3. Seattle Mariners
Actual record: 23-17 (.575), 1st in AL West
3rd order record: 23-17 (.574)
What’s gone right? New general manager Jerry Dipoto completely overhauled Seattle's roster over the offseason, placing an overdue emphasis on balance and fielding. Leonys Martin has been a particularly successful addition in centerfield, playing spectacular defense and experiencing a rebound at the plate thanks to an unexpected power surge. Add in the elite talent left over from last year’s roster (specifically Robinson Cano, Nelson Cruz, Kyle Seager, Felix Hernandez and Taijuan Walker) and it's easy to see why the Mariners have become the pennant contender many thought they were going to be a year ago. After ranking 18th in park-adjusted defensive efficiency in 2015, Seattle enters the weekend No. 3 this year. The Mariners also have a new-found status as road warriors, going 15-7 away from Safeco Field, the second-best record in the majors behind that of the Cubs.
Will it last? Barring injury, yes. Notice how Seattle's actual and third-order records above are near-exact matches. The Mariners’ bullpen may be overachieving, but the improvement in the defense is real, as are the performances the team has received thus far from the five star players listed above. Look for Dipoto to make a well-targeted move at the non-waiver trading deadline and for Seattle to be in the thick of the AL West race down to the wire.
4. Chicago White Sox
Actual record: 25-16 (.610), 1st in AL Central, tied for second-best record in AL and third-best record in baseball
3rd order record: 24-17 (.584)
What’s gone right? The White Sox are another team that made big off-season moves that have paid off in the regular season. They have gone from having the third-worst offense in baseball in 2015 to being slightly-above average in '16 and from fourth-worst in team defense (as measured by park-adjusted defensive efficiency) last year to fifth-best. The overhaul of their infield—adding third baseman Todd Frazier, second baseman Brett Lawrie and shortstop Jimmy Rollins—has helped on both fronts. The surprise retirement of designated hitter Adam LaRoche in March has indeed resulted in an upgrade in the outfield defense as well, with the team shifting Avisail Garcia to DH, moving Adam Eaton from centerfield to right (where he has emerged as the best defender in baseball, according to the early-season metrics) and inserting Austin Jackson in center. A rebound from leftfielder Melky Cabrera in his second season in Chicago has been important, as well.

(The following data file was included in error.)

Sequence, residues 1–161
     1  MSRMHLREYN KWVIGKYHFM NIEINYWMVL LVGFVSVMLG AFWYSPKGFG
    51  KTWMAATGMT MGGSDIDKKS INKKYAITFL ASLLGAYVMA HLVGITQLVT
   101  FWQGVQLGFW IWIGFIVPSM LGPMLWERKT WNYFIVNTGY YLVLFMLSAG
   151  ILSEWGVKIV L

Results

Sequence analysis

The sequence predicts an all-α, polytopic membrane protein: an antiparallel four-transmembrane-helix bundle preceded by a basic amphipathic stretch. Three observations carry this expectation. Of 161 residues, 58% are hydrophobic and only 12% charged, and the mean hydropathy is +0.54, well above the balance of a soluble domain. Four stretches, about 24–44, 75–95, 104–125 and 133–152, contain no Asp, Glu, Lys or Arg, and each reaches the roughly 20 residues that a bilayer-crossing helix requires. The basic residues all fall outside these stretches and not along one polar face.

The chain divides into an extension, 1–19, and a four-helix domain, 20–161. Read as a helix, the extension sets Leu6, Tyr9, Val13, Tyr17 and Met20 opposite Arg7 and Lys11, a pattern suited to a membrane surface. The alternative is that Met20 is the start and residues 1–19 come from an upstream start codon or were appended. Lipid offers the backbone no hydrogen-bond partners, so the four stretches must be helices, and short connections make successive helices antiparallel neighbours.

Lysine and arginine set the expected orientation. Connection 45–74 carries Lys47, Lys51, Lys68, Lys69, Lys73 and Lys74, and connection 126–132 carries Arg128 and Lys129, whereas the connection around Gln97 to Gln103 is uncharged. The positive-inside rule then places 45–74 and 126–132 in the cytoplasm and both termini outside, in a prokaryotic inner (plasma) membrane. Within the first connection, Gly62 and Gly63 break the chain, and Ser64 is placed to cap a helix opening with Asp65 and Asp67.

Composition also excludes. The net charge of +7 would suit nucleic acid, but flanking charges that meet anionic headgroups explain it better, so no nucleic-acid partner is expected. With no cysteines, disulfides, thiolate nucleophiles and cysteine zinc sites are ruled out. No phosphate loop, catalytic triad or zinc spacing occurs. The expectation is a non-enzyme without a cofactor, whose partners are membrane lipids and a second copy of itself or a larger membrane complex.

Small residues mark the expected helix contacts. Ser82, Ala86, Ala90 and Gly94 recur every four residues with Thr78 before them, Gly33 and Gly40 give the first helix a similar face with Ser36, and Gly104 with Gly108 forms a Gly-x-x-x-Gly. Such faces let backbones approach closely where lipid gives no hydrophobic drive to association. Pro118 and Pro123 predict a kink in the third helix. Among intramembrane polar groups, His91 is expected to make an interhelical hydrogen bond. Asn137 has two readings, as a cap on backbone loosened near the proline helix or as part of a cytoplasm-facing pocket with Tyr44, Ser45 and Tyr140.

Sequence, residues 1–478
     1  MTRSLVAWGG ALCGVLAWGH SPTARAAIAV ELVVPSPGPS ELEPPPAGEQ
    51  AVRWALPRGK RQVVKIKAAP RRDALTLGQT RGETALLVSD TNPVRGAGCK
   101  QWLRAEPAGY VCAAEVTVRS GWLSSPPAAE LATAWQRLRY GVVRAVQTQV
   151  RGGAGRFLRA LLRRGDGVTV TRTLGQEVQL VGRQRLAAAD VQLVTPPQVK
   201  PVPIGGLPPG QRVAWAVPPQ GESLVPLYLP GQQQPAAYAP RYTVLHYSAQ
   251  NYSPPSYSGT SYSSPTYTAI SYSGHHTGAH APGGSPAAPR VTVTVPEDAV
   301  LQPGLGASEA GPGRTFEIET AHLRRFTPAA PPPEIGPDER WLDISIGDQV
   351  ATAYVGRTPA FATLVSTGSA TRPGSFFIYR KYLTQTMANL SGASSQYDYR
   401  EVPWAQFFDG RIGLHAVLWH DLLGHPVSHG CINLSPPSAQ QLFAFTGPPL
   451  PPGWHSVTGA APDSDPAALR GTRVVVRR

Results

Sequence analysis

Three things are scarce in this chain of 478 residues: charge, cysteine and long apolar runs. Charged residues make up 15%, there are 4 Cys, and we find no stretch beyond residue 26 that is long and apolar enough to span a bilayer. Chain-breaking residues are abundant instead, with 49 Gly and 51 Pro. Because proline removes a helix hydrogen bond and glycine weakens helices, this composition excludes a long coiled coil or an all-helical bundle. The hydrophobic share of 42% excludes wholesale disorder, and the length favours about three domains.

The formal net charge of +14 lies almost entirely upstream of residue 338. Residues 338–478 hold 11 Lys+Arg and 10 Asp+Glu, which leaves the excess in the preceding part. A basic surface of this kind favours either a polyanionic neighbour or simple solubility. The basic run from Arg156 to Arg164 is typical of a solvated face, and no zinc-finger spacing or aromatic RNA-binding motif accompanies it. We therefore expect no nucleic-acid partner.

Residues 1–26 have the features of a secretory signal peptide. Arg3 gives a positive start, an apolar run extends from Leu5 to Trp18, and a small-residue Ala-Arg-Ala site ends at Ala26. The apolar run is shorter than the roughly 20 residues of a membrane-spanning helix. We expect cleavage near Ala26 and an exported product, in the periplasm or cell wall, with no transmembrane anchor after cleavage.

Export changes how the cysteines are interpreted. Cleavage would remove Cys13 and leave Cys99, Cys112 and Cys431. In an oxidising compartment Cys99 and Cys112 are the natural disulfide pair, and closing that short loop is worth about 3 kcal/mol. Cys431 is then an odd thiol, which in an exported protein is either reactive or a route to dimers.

That improved defense has helped Chris Sale and Jose Quintana emerge as the two best pitchers in the American League, as measured by ERA, in the early going and has contributed to an outstanding performance by the bullpen, which boasts the third-best relief ERA in the AL thus far (2.80, behind only those of the Orioles and Royals).
Will it last? The White Sox have benefited from sweeping six games against the Twins, but unlike the Orioles, they have many more of those remaining on their schedule. They also just experienced a bit of correction, going 2-6 in their last eight games, but with none of the losses coming by more than two runs. There’s not much in Chicago's performance thus far that suggest this team is a fluke, and Jose Abreu hasn’t even started hitting yet. With most of their division underperforming expectations (two prominent examples can be found below), the White Sox appear to be in this for the long haul, though their schedule over the remainder of the month could tells us more; they play their first seven games of the season against the Royals and four against the second-place Indians.
1. Houston Astros
Actual record: 17-25 (.405), last in AL West, second-worst record in AL
3rd order record: 20-22 (.467)
What’s gone wrong? The Astros’ biggest problem so far has been the performance of their starting rotation. Only the Brewers, Rockies and A’s have had a worse rotation ERA than Houston's 4.97 mark through the first quarter of the season. Ace Dallas Keuchel (below) has appeared winded from his AL Cy Young-winning campaign of a year ago, showing declines in velocity, control and effectiveness. Sophomore Lance McCullers missed the first month and a half with a shoulder injury, then was lit up in his return against the Red Sox last Friday. Even rookie Chris Devenski, the one encouraging development in the Astros’ rotation this season, got torched in his last outing (2 IP, 6 R in Boston). A dramatic decline in defensive efficiency has accompanied those rotation struggles, though given the lack of turnover in Houston's lineup, one is tempted to blame that more on the pitchers getting hit hard than on some sudden collective decline in the performance of the fielders.